Once rubbed on firmly, to trim off the excess “faux veneer”, use an Exacto knife at an angle snugly against the outside bearing edge and run it around the perimeter of the shell. Repeat on the opposite side.
Carefully insert an Exacto-knife at an angle through the “faux veneer” and slide it around the perimeter of the shell using the edge as a guide.
This DIY Snare Drum Refinish project may receive a penalty for excessive use of the words “faux veneer”.
One of the disadvantages of “faux veneer” is that it doesn’t have much resistance to gouging. It’s quite resistant to scuffing and scratching, but will gouge if prodded with semi-sharp objects. The solution is clear coat. This will give it the same durability as a lacquer finish. Not to mention a visibly pleasing lustre. Before proceeding the bearing edges need to be masked again. Also, in our case we apply a nifty logo to be covered by the polyurethane as well. We apply six coats of water based polyurethane clear-coat both inside and out. And then remove the masking tape.
After letting the clear fully cure for a few days, use an Exacto knife to cut the holes out. Simply trace the edge of the holes with the knife. Then clean the excess polyurethane from the holes with a drill bit. We had two sets of lugs with the right hole spacing to pick between. The most simple and slightly boring seemed the best match for this finish. Meanwhile a strainer and end plate with the appropriate spacing showed up on my door step. It’s an odd looking contraption resembling a miniature nuclear power plant or something. The kind donor believes it’s from a Taye.
Lugs are best attached using fitting machine screws with a spring washer and a flat washer. They should be tighter than snug, but not excessively tight so as to not risk stripping the threads. Next is the vent. We found a nice threaded one in one of the treasure boxes. The nuclear power plant resembling strainer needed to be disassembled since one of the nuts resides behind the sliding throw. Once on, we proceed with the end plate. The only heads I had on hand were less than ideal but will do for now. The cheesy brand logos on the heads were quickly removed with acetone. Careful with the acetone, it’s smelly, stings like hell if you have any boo-boos on your hands and can remove the coating on the head if rubbed to vigorously. Install the heads and rims and tune up before installing the snares.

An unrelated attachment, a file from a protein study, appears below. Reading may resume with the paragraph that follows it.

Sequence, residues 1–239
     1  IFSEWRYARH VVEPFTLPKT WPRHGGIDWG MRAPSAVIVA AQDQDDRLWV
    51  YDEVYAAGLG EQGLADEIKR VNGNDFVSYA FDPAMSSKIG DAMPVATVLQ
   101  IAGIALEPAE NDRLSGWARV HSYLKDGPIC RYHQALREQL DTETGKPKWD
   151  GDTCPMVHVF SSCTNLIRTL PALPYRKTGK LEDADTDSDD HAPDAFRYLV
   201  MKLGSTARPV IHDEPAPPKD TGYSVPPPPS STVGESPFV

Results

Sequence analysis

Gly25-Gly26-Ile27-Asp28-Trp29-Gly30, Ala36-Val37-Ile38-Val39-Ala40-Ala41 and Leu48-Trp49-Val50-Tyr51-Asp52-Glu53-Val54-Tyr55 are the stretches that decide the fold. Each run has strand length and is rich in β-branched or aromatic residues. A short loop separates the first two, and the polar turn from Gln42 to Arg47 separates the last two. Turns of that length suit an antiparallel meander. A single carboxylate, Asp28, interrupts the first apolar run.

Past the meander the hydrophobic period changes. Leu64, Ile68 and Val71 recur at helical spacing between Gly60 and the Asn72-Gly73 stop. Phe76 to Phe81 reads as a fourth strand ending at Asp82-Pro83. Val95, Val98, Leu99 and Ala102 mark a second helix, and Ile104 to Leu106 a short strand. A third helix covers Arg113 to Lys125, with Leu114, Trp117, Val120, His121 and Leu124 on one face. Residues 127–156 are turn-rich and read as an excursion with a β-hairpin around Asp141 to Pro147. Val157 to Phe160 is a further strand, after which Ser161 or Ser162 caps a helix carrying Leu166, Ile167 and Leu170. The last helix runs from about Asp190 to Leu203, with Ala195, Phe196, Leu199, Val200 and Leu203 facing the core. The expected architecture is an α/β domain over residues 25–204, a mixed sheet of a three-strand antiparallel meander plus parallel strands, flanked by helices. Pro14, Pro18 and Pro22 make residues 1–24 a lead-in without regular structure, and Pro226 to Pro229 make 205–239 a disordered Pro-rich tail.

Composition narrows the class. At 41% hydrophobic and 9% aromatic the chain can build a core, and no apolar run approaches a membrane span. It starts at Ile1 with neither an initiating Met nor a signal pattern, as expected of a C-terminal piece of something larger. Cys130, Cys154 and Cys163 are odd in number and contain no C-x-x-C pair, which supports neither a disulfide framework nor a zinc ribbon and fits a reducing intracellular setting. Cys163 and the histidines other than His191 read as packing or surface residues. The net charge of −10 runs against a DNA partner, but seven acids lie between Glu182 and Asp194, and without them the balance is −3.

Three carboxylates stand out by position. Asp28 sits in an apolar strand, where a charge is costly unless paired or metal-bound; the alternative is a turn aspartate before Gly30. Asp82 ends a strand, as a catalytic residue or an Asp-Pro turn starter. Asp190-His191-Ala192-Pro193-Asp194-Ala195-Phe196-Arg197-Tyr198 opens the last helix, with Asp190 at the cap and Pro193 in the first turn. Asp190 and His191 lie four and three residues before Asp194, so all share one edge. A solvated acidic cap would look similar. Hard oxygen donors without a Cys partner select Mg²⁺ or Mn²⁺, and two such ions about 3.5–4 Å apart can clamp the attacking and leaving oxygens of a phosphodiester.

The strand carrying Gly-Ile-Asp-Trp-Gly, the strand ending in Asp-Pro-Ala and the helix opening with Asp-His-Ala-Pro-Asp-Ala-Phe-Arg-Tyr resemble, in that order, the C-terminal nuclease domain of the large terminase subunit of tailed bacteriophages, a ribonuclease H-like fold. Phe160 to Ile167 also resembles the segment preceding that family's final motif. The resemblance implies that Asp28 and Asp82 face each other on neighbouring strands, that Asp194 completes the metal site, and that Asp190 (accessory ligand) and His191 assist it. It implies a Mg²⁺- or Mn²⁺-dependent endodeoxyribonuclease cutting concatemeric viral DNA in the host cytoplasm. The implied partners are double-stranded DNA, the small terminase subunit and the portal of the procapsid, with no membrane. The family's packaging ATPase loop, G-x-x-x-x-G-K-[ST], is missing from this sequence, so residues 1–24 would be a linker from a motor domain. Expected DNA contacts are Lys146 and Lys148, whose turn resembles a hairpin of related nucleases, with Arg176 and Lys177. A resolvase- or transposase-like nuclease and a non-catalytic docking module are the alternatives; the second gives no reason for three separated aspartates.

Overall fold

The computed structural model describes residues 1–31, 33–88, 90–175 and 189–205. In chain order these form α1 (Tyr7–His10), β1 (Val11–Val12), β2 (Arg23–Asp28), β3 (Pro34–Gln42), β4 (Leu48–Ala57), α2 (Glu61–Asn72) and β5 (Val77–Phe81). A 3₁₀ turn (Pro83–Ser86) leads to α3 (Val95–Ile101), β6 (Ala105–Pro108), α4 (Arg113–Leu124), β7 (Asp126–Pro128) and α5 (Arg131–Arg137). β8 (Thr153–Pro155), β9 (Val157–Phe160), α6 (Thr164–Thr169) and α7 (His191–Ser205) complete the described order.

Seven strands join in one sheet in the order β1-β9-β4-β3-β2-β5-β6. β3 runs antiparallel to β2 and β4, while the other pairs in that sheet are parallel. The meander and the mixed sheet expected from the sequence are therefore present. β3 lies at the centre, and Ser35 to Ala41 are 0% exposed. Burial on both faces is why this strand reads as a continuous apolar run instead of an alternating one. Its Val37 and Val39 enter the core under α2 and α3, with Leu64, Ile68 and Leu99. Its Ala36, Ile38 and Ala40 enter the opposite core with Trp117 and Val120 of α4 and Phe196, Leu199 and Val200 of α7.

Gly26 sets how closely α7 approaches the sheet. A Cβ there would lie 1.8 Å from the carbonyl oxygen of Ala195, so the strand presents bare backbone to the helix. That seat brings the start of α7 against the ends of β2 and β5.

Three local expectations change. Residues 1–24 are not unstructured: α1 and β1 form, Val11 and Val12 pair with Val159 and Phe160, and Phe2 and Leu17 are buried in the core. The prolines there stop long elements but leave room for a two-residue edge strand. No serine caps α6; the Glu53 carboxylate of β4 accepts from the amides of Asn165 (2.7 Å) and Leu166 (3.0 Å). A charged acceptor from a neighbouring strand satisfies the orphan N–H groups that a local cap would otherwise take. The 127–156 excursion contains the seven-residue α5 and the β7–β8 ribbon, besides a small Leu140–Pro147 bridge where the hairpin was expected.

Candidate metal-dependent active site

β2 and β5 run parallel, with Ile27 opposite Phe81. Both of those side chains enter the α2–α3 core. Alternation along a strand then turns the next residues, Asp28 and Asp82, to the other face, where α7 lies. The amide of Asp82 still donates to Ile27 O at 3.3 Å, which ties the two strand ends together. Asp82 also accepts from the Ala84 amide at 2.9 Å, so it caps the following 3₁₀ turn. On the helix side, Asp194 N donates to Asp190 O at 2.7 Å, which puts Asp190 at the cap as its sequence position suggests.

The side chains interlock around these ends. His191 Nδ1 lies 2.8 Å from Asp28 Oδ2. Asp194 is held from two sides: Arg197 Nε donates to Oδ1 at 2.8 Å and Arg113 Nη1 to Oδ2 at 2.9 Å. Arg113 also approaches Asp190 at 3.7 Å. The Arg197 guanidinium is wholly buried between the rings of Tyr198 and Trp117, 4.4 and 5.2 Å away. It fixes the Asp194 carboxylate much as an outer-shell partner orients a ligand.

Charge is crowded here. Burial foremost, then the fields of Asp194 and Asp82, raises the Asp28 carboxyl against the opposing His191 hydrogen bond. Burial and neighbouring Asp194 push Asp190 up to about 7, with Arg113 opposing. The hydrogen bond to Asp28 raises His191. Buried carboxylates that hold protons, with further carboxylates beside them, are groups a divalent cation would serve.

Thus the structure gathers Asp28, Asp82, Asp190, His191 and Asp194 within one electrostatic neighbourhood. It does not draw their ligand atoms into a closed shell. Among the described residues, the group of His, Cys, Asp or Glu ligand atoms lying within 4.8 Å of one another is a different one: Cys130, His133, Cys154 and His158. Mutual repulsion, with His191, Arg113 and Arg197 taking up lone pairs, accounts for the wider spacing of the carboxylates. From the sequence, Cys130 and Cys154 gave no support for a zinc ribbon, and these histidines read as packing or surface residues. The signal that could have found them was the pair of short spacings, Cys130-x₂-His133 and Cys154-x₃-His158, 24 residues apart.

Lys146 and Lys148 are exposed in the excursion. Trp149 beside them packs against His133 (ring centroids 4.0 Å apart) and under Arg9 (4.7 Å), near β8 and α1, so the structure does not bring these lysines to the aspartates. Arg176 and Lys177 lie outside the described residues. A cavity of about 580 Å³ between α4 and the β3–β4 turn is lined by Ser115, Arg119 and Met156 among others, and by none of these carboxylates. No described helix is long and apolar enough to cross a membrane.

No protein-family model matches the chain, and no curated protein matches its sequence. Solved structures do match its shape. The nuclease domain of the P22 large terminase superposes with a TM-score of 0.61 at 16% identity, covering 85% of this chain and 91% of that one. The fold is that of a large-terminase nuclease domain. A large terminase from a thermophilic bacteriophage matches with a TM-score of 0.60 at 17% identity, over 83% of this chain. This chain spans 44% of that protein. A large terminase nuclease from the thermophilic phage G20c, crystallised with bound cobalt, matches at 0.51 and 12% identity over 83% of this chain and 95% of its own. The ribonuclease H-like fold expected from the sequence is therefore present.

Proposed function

DIY Snare Drum Refinish Completed
I already knew this snare drum would tune up easy and sound great as I had a more or less perfect shell as a starting point. The clear coat on the inside gives it a sharp, clean definition. Even with less than optimal heads it’s a got a real snappy crack tuned high and a very versatile tuning range. Overtones galore can be wrung out or subdued. There’s even a hint of steel-like “reverb” at certain tunings. I’m really looking forward to tweaking some more once I get some better heads.
Click images for full size view
Interesting article on making a snare drum from scratch (With traditional drum wrap – No “faux veneer”):